My friend Mr. C told a funny story about this crucifix: apparently an older gentleman was confused and thought it was an artifact from the third or fourth century, and that our church had the honor of having it in our possession. He was angry that it had been moved to the parish hall and replaced with a new one (scroll down to see the new crucifix). Father R calmly explained that it was a cheapo crucifix, and it was made in a factory in the 1970's.
Right after Easter the front of the church was blocked off for the construction of the new sanctuary and the addition to make room for the organ pipes. For a couple of months Mass was celebrated in the back of the church (click here and see Quick Take #6 for more photos).
Finally the front was opened up
and we began facing the front again for Mass. The under-construction look was only temporary, we knew, and despite the portable air conditioners, the church was sweltering all summer.
This fall it started looking like a real church again.
The priests celebrated Mass on the old altar for a while even after the new one was put in. (Here the top of the new one isn't finished; it still looks like it's made of plywood.)
The day of the blessing, luminaria were placed all over the church grounds.
Chairs were set up outside for overflow.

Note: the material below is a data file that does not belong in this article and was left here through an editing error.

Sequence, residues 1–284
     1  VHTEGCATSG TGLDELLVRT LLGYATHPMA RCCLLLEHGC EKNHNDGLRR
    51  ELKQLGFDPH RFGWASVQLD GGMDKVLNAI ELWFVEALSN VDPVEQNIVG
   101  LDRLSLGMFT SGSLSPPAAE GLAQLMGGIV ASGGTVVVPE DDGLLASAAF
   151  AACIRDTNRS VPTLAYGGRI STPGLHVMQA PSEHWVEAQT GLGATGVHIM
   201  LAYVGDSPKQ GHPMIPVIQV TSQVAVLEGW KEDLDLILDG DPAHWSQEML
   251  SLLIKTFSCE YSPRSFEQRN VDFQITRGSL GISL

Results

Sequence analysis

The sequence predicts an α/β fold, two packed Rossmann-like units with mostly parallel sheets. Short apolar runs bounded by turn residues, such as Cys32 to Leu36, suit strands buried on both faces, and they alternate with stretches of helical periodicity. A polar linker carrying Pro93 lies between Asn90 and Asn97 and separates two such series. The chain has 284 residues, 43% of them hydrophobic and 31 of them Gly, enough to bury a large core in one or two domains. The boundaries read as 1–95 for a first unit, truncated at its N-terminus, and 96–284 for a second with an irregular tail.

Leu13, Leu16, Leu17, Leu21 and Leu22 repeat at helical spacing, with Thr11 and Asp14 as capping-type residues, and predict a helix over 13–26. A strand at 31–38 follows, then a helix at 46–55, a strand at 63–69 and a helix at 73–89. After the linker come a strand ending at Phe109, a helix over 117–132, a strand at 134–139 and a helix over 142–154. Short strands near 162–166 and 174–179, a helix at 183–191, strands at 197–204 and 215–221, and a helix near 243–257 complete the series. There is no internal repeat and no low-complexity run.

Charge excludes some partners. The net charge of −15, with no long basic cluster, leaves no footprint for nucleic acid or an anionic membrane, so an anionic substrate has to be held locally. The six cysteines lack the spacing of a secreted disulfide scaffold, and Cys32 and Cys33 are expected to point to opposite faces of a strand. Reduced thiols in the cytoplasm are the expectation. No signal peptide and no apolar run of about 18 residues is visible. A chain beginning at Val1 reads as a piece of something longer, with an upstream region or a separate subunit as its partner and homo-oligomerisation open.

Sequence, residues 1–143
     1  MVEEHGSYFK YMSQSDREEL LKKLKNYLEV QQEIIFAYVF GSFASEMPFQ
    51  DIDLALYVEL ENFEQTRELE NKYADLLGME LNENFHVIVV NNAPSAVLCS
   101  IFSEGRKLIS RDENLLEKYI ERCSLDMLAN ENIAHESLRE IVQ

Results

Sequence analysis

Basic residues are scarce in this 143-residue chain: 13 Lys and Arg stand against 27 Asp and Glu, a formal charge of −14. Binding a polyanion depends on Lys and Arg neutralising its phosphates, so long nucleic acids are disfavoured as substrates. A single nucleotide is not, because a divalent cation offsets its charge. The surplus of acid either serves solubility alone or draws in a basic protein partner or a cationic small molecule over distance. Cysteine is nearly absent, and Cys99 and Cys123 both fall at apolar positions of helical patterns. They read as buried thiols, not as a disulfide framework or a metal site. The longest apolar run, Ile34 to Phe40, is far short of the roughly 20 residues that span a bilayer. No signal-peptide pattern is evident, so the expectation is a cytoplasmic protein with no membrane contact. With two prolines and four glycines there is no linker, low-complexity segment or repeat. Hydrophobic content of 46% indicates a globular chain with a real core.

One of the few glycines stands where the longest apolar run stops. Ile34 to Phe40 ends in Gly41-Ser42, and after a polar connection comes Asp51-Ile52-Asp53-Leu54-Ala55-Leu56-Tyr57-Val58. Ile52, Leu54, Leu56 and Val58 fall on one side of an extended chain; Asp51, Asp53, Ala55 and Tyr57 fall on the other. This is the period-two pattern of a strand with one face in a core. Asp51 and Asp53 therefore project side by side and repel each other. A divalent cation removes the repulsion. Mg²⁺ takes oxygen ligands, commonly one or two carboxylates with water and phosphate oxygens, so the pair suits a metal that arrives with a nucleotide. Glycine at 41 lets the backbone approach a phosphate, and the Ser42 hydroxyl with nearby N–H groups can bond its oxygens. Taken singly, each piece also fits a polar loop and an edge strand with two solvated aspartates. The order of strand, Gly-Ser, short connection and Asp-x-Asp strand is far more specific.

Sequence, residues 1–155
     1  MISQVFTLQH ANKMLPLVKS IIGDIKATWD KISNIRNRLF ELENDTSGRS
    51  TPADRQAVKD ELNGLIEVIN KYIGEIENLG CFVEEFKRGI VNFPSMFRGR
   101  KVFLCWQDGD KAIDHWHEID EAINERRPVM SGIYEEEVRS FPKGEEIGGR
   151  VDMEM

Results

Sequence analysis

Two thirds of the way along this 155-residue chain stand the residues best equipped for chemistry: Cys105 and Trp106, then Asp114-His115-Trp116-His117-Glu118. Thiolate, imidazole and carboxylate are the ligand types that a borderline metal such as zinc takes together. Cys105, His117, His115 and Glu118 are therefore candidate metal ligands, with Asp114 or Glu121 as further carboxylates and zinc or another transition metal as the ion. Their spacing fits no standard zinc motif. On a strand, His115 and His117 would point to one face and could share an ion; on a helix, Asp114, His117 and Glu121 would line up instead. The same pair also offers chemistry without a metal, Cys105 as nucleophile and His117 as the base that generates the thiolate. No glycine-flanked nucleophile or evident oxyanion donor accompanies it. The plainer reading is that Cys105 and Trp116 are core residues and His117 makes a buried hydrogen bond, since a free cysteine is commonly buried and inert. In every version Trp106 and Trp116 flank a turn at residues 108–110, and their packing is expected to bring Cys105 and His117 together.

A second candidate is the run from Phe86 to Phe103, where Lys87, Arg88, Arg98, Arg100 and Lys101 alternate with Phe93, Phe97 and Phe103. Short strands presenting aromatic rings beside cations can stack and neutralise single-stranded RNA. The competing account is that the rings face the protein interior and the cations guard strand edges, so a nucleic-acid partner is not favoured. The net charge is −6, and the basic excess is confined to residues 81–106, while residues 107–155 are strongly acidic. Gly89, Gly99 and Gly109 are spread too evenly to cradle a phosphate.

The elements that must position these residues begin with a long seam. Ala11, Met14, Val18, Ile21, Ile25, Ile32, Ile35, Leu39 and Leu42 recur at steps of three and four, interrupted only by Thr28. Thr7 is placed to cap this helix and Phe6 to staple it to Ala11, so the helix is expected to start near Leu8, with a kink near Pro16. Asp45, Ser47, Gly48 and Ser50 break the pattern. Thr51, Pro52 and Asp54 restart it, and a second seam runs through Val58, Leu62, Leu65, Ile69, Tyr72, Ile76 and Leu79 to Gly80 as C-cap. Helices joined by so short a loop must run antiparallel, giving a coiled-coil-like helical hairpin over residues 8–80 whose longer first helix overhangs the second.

The front doors were adorned with magnolia leaves and ribbons.
The old confessionals, which had been converted to bookshelves for hymnals years ago, were opened up to make shrines to the Sacred Heart of Jesus and St. Jude. This statue stood at the front of the church before the renovation.
St. Jude's statue had stood off in a corner near the back of the church. I liked how Father R incorporated the old grating, which made a fairly unattractive decoration behind the altar. It looks much better as a backdrop for the shrines. (I think the official term is "oratories.") You can see some of it in my first photo of the altar in the back of the church.
Father R. wanted the crucifix and statues to reflect the moment when Jesus said, "I Thirst." Mary is directing our attention to her suffering Son (as she always does), and John is looking out at the people wondering who Jesus is addressing. He is speaking to us, of course. He thirsts for our love and our souls.
The twelve pillars under the altar represent the twelve apostles. The four supporting the ambo (on the left) represent the four gospels, and the three on the baptismal font (on the right, to the left of the Easter candle) represent the Holy Trinity.